Home WARREN A. WILKINS vs. BOSTON AND NORTHERN STREET RAILWAY COMPANY.

213 Mass. 265

November 6, 1912 - January 27, 1913

Essex County

Present: RUGG, C. J., HAMMOND, BRALEY, SHELDON, & DECOURCY, JJ.

Negligence, In use of highway. Evidence, Presumptions and burden of proof.

In an action against a street railway company for injuries caused by the collision of an electric car of the defendant with a wagon in which the plaintiff was drying, when he was turning from one street of a town into another and in order to do so was obliged to cross a single track of the defendant laid at the side of the street into which he was turning, the defendant admitted that there was evidence of negligence in the operation of the car, and the plaintiff testified that, as he approached the street into which he was about to turn, he listened for a street car or an automobile and heard no noise of an electric motor or of the buzzing of a wire, that he also looked along the track and saw no car at that time, and that he knew that no car was due at that place for nearly ten minutes, that he then proceeded to cross the track, seeing the defendant's car when it was too late to avoid it, and that the car, moving at an unreasonable rate of speed, struck the hind wheel of his wagon. Held, that the question whether the plaintiff was in the exercise of due care was for the jury.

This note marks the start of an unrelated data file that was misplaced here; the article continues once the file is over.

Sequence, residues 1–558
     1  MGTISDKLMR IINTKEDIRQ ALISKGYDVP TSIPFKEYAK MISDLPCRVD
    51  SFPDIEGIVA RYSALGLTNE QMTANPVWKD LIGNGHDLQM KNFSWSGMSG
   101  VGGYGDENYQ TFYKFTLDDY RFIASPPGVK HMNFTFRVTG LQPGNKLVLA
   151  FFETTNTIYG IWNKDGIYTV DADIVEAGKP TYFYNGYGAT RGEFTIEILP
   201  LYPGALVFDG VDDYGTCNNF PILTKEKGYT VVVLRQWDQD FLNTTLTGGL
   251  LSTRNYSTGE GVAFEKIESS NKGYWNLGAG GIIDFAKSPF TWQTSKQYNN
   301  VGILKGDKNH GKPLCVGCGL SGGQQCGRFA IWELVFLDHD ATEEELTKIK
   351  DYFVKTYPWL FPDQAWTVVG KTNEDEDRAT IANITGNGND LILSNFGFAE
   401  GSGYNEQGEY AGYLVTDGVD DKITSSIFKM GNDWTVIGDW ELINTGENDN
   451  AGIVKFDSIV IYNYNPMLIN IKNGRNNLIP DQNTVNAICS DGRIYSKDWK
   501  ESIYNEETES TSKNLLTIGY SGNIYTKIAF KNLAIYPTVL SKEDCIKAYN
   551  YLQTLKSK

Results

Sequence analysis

In an action of tort for personal injuries, where the direct testimony of the plaintiff, with the other evidence in the case, warrants a verdict for the plaintiff, if there is a discrepancy between some of the answers of the plaintiff on his crossexamination and his direct testimony, this is a matter for the jury to weigh and consider and does not justify the presiding judge in ordering a verdict for the defendant.

In driving from one street of a town into another at a right angle with it, where it is necessary to cross a single track of a street railway to pass into the second street, if at or near the corner which the driver is turning there is a tree which obstructs his vision, he is not necessarily wanting in due care in not stopping and looking again after passing the tree to see whether a street car is approaching on the track, if he listened and looked reasonably before reaching the tree.

The rule of law that a traveller on a highway approaching a crossing of a steam railroad necessarily must look and listen in order to be in the exercise of due care does not apply to a traveller about to cross a single track of a street railway on a street of a town.


TORT for injuries to the person and property of the plaintiff alleged to have been caused by negligence of the servants of the defendant in operating one of its electric cars at an excessive rate of speed, by reason of which the car came in collision with the

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hind wheel of the plaintiff's wagon when he was driving a pair of horses attached to the wagon and was turning from Pope Street into Centre Street in the town of Danvers at a little after nine o'clock on the evening of August 15, 1908. Writ dated September 25, 1908.